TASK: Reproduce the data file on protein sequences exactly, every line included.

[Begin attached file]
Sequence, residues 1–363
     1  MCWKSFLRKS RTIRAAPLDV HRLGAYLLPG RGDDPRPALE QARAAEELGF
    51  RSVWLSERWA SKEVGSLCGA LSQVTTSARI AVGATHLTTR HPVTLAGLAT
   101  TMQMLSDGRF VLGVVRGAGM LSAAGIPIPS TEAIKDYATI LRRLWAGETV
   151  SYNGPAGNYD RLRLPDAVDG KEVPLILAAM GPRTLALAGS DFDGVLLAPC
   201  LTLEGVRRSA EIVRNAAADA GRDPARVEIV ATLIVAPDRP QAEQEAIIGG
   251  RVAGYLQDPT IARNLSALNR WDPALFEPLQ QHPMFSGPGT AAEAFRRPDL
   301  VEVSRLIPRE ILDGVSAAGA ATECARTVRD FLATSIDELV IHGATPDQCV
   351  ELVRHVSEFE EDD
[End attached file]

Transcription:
Sequence, residues 1–363
     1  MCWKSFLRKS RTIRAAPLDV HRLGAYLLPG RGDDPRPALE QARAAEELGF
    51  RSVWLSERWA SKEVGSLCGA LSQVTTSARI AVGATHLTTR HPVTLAGLAT
   101  TMQMLSDGRF VLGVVRGAGM LSAAGIPIPS TEAIKDYATI LRRLWAGETV
   151  SYNGPAGNYD RLRLPDAVDG KEVPLILAAM GPRTLALAGS DFDGVLLAPC
   201  LTLEGVRRSA EIVRNAAADA GRDPARVEIV ATLIVAPDRP QAEQEAIIGG
   251  RVAGYLQDPT IARNLSALNR WDPALFEPLQ QHPMFSGPGT AAEAFRRPDL
   301  VEVSRLIPRE ILDGVSAAGA ATECARTVRD FLATSIDELV IHGATPDQCV
   351  ELVRHVSEFE EDD